Political Buzz

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Archives: Nov. 2011

Nov.
29th

State Patrol: Six troopers hurt; overtime, travel at $20,000 on first day

Six troopers were hurt in Monday’s protests at the Capitol, the State Patrol says.

The patrol had originally said just one trooper was bitten on the arm. Officials later learned of another bite injury and four who mostly suffered bumps and bruises, the patrol said today.

As protesters tried to push into the closed Capitol, three of them were stunned with Tasers and a Department of Enterprise Services worker’s ribs were bruised and face was injured.

The patrol also released its first-day totals for the costs of having dozens of troopers stand guard and evict protesters.

Overtime totaled $12,000, according

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Nov.
29th

Redistricting at ‘impasse’?

That’s the word Republican Slade Gorton used at today’s Redistricting Commission meeting to describe his negotiations with Democrat Tim Ceis over legislative districts in the north part of Western Washington.

Ceis said that might be too strong but agreed the pair have areas of disagreement.

The report from the other two voting members of the commission wasn’t any more positive. Republican Tom Huff said his bargaining with Democrat Dean Foster over districts in the south of Western Washington has seen only “nominal” progress.

Foster added: “We take two steps forward; sometimes we go back one. Sometimes we go back two.”

It’s clear

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Nov.
29th

U.S. Sen. Patty Murray plans hearing on long wait times for veterans seeking mental health care

Sen. Patty Murray plans to lead a hearing Wednesday that will examine long wait times for veterans who are trying to get mental health care services from the Veterans Administration (VA).

The hearing comes after the Washington state Democrat, who heads the Senate Veterans’ Affairs Committee, released a survey last month that found most VA mental health care providers across the country were ill-equipped to do their jobs.

Among the findings: Nearly 40 percent said they can’t schedule an appointment within 14 days, as required by the VA; 70 percent said they lacked adequate staff or space to meet the

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Nov.
29th

Washington as outlier: New national report on state finances shows most seeing increasing revenue, end to budget cuts

This report comes from the National Association of State Budget Officers and is one of those good-news/bad-news analyses.

States are doing better than they were in the depths of the recession with most showing revenue gains and fewer facing mid-year budget cuts. But all are collecting taxes at levels lower than prerecession years and the rate of increases in tax collections is slow.

“The data in this report show some relative financial improvement for states, with rising tax collections, growing general fund expenditures, and a slow restoration of state rainy day fund balances,” the report states. “Despite these recent relative

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Nov.
29th

Morning update: special session Day 2

A day after some 3,000 people took part in rallies and dozens stayed in the Capitol until state troopers evicted them, we’ll see more protests today.

Occupy protesters plan to march to the Capitol this afternoon from downtown Olympia’s Capitol Theater.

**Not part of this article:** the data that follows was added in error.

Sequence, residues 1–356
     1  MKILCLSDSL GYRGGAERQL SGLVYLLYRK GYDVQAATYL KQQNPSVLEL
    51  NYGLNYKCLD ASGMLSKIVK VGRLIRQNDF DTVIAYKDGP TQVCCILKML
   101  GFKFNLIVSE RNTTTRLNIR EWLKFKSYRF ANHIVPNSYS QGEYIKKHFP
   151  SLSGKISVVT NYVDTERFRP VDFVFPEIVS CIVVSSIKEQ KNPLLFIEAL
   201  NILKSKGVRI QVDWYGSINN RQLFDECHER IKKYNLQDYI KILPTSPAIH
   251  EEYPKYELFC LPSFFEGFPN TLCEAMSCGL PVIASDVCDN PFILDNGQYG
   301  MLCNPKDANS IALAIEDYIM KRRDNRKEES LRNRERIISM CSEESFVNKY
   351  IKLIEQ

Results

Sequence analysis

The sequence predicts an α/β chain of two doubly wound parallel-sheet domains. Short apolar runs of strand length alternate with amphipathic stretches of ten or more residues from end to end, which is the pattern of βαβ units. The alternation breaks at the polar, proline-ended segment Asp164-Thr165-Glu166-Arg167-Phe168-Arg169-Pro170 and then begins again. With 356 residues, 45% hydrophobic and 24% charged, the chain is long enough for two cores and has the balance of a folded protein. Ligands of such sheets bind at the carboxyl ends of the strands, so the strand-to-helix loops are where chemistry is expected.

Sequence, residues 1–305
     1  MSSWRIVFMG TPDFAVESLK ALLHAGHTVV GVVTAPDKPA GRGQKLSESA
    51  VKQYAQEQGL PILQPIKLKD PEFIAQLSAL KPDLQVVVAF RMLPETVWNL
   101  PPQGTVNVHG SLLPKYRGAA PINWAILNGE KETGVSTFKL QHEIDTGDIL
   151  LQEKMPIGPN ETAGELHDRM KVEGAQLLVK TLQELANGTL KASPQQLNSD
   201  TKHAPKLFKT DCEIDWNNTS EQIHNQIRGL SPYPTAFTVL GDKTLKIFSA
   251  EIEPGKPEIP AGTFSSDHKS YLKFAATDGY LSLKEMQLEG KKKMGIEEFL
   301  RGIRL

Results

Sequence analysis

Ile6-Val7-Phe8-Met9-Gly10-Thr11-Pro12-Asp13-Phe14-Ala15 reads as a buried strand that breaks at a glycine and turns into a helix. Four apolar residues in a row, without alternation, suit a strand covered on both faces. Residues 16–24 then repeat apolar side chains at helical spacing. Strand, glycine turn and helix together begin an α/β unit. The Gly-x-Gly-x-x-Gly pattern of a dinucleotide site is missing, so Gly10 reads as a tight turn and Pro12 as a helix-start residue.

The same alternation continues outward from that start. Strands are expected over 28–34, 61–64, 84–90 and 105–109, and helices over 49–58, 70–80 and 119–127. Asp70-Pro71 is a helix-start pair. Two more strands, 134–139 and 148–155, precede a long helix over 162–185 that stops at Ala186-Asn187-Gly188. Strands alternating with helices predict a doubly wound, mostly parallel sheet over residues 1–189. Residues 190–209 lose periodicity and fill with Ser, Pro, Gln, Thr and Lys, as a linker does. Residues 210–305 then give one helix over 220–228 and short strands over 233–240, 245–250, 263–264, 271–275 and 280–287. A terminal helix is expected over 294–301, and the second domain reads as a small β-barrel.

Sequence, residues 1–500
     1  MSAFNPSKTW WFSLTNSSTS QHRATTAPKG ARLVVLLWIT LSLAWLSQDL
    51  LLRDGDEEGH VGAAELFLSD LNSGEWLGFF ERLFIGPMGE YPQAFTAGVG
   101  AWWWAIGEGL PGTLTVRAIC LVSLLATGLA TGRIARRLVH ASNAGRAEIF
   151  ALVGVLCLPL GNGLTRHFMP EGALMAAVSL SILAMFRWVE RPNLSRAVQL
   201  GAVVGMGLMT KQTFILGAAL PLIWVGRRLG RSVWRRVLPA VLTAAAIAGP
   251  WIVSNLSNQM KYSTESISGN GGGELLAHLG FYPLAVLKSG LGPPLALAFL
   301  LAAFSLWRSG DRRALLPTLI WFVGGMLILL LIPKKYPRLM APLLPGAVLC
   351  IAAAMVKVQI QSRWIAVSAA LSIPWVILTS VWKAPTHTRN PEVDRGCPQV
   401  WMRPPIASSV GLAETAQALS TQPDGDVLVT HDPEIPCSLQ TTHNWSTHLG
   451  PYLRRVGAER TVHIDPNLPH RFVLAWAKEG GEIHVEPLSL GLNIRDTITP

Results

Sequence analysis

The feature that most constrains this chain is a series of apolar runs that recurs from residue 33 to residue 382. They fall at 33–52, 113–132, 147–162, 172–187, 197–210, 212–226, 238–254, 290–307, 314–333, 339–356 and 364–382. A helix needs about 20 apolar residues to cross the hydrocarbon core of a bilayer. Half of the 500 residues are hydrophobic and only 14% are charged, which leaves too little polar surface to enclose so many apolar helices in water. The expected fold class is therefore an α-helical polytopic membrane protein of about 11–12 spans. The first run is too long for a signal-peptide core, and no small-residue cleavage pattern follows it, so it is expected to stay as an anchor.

Following the lead of the House budget committee, the parallel committee in the Senate will be briefed on the governor’s budget plan and take up a proposed bailout of a Wenatchee arena. The $42 million loan passed the House panel Monday, the AP’s Mike Baker reports.

Apart from state lawmakers, two other significant government bodies meet today.

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Nov.
28th

UPDATE 4: State Patrol tases 3 protesters, evicts 30 more

Patrol spokesman Dan Coon said about 30 were being evicted and given no-trespass warnings.

Over the course of the day, four protesters were arrested – one for disorderly conduct, two for third-degree assault of a trooper and one for fourth-degree assault of a DES employee, Coon said. Other misdemeanor charges also were being recommended for some of the arrested subjects.

Read full post. Or read Tuesday’s story.

Nov.
28th

Video: Protest in legislative chambers calls for “citizens’ arrest”

As I wrote earlier, the State Patrol says a disruption in the Legislative Building helped lead to a protester’s arrest today.

Here’s a video e-mailed to members of the Occupy movement of that protest, which took place in the House chambers when a banner was unfurled calling for a “citizens’ arrest” of legislators.

Protesters later yelled outside a budget hearing that lawmakers should be arrested because of a judge’s ruling that the Legislature has failed to fund basic education. The state Supreme Court is considering the case.

UPDATED 11/29 to note source of video.

Nov.
28th

Protesters disrupt budget hearing; teacher arrested

The state House’s first budget hearing of the emergency session is now underway after Occupy protesters disrupted it.

The chanting protesters packed the hall outside the hearing and banged on the doors but seemed peaceful — if not exactly polite in their language. But at least one, a Seattle Public Schools teacher, was arrested on a charge of disorderly conduct.

State troopers were putting Jesse D. Hagopian, 32, in a patrol car outside the Cherberg Building shortly before 2 p.m. State Patrol spokesman Dan Coon didn’t yet have details on what Hagopian is accused of doing, but said he was “disrupting legislative

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